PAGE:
Saturday, 2 August 2014

Review of Beyond a Boundary by CLR James - jointly best sports book in my pantheon

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(Note - the other best sports book I have read is reviewed here: http://charltonteaching.blogspot.co.uk/2014/04/one-of-best-books-i-have-ever-read.html)

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If you love cricket, you will already have heard of Beyond a Boundary by the black Trinidadian writer, CLR James (1901-1989) - but otherwise you may not have. It is a one-off wonderful book, with 'something about it', probably the style itself, which I have described as intoxicating.

If you read a biography, there is so much against CLR James (http://en.wikipedia.org/wiki/C._L._R._James) that it is utterly amazing how he was able to write a masterpiece. Indeed, until I contributed to the Wikipedia entry, cricket was not even mentioned - the focus was entirely on James's revolutionary communism, black nationalism and the rest of it.

But James was brought up under the British Empire, in a Public School ethos for which he had an immediate and lasting affinity and never discarded; and this is one major reason for his success with Beyond a Boundary, which contains vivid and memorable accounts of such Victorian luminaries as Thomas Arnold (of Rugby School), William Makepeace Thackeray (author of the novel Vanity Fair) and WG Grace (the most famous and influential cricketer of all time).

James's writings on race in Trinidad are fascinating, and would probably be a revelation to Americans, I have little doubt - whose supposed 'one drop' definition of 'blackness' was both bizarre and unique in world history: Trinidad was much more representative of how multiracial societies used to organize things.

The social status in Trinidad was organized by shades of blackness - but modified by wealth, talent, beauty and other factors. For instance, James was a dark skinned black, for whom the cricket club was Shannon; but as he was very skilled at cricket (and also an academically-gifted scholarship boy at his private school)  - therefore he was invited to play for the lighter-skinned 'mulatto' cricket club Maple - and (after a crisis of conscience) he accepted the invitation.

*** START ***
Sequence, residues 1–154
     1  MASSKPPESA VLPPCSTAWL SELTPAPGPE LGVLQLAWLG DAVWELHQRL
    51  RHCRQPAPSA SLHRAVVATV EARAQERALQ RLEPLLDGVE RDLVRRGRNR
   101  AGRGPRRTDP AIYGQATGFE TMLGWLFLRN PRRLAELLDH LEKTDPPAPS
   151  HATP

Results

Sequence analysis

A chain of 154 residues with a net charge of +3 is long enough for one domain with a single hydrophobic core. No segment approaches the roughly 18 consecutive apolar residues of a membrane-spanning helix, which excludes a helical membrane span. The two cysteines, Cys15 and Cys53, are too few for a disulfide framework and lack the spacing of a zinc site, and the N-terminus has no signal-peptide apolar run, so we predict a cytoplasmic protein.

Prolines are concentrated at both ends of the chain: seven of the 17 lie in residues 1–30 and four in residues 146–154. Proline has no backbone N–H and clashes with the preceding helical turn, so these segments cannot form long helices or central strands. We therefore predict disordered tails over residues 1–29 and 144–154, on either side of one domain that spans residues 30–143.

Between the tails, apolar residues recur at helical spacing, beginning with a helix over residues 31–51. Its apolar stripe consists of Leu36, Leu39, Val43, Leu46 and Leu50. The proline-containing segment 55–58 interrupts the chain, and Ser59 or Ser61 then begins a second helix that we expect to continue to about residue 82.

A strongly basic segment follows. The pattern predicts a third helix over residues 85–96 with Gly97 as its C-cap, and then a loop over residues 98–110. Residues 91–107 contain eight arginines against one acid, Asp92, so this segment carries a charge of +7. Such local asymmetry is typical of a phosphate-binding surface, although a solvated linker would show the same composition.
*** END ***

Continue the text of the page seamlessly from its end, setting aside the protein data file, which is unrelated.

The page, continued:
Later, James was a secretary to the great all-rounder black Cricketer (lawyer and politician) Learie Constantine - who in the 1930s played as the professional in the club Nelson in the Lancashire Leagues (as well as being a nationally known figure back in Trinidad and also famous in England) - the two of them were just-about the only black men in Lancashire (the county which is focused on Manchester, and which forms the third largest and densest centre of population in England).

The whole book is an education and an enchantment in terms of its purity of idealism and lyrical celebration of cricket as the epitome of the best of Victorian values; and a mine of arcane information.

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